Moving to Mozambique
Those moving to Mozambique can expect sun-drenched, tropical beaches, warm hospitality and a low cost of living. Having attained independence from Portugal as recently as 1975, the country still has strong cultural ties to Portugal. Yet Mozambique retains its own distinct character as a melting pot of different European, African and Asian influences.
Many Europeans (especially Portuguese) have sought out Mozambique. Here, their skills are needed in a variety of areas in a country still rebuilding itself after decades of war. Thousands of native Portuguese expats now call the country home. They work in a diverse range of industries that require technical skills which may be lacking among the local population. Popular fields are construction and engineering. In addition, the country has excellent tourism attractions and had the fastest growing tourism industry in the world in the mid-2000s. The discovery of one of the largest gas fields in the world off the coast of Mozambique in 2012 has also thrown this East African country into the limelight.
Expats relocating to Mozambique should be aware that this is a developing country. It suffers from poor infrastructure and roads, corruption, and a sporadic water supply. Many expats arrive with unrealistic expectations, thinking that life will be as it was back home. This causes many expats to leave after a short stay. Yet, despite its shortcomings, the country is a paradise for expats who choose to stay and live in Mozambique.
Many expats relocate to Maputo, the capital, and largest, city in Mozambique. The city is lush and exudes old-world charm. The cost of living is low, depending on one's tastes. Local fruits are available in abundance, but imported goods from South Africa and Europe command higher prices. Expat-standard housing can also be expensive in the city. On the other hand, many expats can afford to hire full-time domestic help, a luxury not often seen in the West.
Expats will need to brush up on their Portuguese to get by, as few locals speak English. However, because of proximity to English-speaking South Africa, English media is available.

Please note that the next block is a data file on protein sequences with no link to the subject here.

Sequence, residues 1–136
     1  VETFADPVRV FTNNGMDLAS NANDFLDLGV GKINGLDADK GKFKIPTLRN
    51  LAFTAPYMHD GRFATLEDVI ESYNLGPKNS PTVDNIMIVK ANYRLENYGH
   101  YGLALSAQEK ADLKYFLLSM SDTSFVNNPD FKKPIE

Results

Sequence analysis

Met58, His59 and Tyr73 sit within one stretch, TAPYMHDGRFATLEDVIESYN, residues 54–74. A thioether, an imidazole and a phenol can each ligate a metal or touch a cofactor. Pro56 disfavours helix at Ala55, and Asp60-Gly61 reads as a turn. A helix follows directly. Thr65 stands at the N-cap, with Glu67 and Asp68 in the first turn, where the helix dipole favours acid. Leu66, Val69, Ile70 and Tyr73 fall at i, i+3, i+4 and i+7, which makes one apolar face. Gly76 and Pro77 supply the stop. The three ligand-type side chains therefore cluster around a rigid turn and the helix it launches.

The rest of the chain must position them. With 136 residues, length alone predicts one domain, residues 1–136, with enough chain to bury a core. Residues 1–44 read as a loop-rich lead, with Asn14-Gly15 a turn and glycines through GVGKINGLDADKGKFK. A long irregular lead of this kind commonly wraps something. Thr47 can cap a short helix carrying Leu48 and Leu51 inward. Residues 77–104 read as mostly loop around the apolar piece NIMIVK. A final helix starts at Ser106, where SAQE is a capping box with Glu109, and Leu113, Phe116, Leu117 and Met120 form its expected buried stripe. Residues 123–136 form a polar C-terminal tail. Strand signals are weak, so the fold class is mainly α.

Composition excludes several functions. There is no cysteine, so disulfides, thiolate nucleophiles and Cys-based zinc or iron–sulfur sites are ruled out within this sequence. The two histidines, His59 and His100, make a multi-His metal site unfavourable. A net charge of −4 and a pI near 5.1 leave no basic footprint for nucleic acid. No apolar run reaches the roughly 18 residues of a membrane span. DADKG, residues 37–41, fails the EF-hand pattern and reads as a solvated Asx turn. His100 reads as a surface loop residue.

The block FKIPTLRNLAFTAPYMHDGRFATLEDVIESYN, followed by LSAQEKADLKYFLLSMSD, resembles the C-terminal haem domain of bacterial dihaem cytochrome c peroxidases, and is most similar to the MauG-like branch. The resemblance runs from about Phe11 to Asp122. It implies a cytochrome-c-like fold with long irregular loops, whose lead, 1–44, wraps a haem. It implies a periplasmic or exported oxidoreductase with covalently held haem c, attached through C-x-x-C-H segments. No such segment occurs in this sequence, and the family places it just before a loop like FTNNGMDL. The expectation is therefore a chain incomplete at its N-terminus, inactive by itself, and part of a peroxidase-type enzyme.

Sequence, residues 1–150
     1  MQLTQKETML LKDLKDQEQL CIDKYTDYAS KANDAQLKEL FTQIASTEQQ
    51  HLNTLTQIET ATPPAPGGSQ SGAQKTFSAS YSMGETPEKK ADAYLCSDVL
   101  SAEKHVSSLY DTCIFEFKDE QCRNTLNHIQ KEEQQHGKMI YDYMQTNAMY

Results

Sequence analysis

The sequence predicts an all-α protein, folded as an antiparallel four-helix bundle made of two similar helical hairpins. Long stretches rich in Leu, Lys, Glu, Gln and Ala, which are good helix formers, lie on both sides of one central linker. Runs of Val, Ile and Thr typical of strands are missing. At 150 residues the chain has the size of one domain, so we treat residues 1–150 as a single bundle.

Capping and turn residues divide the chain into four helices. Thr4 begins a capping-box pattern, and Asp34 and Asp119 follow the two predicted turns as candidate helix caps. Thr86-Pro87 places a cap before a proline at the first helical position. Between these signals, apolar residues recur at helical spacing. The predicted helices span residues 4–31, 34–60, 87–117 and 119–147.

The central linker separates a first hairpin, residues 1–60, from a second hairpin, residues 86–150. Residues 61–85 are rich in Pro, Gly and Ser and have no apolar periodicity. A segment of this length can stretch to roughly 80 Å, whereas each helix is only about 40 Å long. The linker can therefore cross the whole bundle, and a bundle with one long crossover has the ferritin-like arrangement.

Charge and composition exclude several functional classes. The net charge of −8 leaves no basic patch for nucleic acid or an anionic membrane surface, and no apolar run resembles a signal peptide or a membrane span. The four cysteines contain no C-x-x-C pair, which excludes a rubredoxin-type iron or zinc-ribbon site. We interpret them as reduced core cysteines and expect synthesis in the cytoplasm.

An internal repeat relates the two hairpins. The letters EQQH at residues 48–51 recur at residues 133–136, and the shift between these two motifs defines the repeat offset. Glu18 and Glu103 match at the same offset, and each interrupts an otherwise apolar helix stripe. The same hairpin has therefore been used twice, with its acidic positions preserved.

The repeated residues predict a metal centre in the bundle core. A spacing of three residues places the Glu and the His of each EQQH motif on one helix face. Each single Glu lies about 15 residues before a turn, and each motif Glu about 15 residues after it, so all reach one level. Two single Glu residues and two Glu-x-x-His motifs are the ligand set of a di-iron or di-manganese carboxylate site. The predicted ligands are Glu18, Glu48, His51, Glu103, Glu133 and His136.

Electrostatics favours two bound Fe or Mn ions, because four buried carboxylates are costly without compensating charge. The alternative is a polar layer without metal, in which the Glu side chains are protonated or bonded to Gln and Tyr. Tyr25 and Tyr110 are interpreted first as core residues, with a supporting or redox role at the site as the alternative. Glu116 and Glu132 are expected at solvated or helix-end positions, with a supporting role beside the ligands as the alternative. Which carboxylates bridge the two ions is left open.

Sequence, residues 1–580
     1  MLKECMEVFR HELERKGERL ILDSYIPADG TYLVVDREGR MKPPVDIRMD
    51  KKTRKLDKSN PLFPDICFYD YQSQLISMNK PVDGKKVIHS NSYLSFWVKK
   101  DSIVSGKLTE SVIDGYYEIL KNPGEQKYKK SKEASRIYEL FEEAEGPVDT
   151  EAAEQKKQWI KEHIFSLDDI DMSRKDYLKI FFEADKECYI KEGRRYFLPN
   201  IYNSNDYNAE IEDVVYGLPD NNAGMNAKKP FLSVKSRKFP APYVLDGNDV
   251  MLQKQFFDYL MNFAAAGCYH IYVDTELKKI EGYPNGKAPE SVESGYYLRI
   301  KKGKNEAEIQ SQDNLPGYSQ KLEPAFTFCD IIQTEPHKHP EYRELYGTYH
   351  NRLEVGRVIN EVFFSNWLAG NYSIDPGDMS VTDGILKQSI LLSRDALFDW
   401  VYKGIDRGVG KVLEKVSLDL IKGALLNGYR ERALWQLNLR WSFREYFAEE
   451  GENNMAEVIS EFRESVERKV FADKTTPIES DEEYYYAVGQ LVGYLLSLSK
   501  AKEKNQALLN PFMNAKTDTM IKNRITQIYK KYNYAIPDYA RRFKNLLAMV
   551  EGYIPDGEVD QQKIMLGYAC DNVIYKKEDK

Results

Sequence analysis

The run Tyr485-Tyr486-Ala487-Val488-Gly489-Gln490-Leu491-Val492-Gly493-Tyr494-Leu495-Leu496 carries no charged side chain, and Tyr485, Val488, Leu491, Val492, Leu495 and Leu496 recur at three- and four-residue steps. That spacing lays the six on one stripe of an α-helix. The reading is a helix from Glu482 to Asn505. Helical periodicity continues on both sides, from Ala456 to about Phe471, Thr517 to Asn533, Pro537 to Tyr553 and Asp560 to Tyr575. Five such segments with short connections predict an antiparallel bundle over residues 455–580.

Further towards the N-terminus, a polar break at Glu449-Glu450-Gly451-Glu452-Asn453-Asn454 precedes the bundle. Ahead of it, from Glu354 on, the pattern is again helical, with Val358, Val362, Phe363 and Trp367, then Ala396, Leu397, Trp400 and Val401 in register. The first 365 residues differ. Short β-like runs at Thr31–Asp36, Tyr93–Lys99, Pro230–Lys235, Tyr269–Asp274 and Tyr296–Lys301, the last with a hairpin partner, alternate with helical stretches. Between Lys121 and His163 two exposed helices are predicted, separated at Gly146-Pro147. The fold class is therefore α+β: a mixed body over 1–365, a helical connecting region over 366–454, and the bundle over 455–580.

There are a few good private hospitals and clinics in Maputo, and plenty more a few hours’ drive away in South Africa.
Population: About 29 million
Capital city: Maputo
Other major cities: Matola, Beira
Neighbouring countries: Malawi, South Africa, Swaziland, Tanzania, Zambia and Zimbabwe
Geography: The Zambezi River divides the country into two topographical regions. In the north, the land is shaped by inland hills and low plateaus. Rugged highlands are further west. To the south of the Zambezi River, the lowlands are broader.
Political system: Unitary presidential republic
Major religions: Christianity, Islam
Main languages: Portuguese, Chewa
Money: The Mozambican metical (MZN) is divided into 100 centavos. The plural of metical is meticais, with the abbreviated mets or MT often used. The South African rand and US dollar are also frequently used and accepted, especially in the south of Mozambique.
Tipping: Tipping is standard practise in Mozambique, with 10% of the bill being the norm in restaurants. Tipping tour guides, cleaners and porters is also common in Mozambique.
Time: GMT +2
Electricity: 220 volts, 50Hz. Two-pin round plugs are common, while three-pin plugs can also be found.
Internet domain: .mz
International dialling code: +258
Emergency contacts: 119 (police), 117 (medical), 198 (fire)
Transport and driving: Drive on the left-hand side.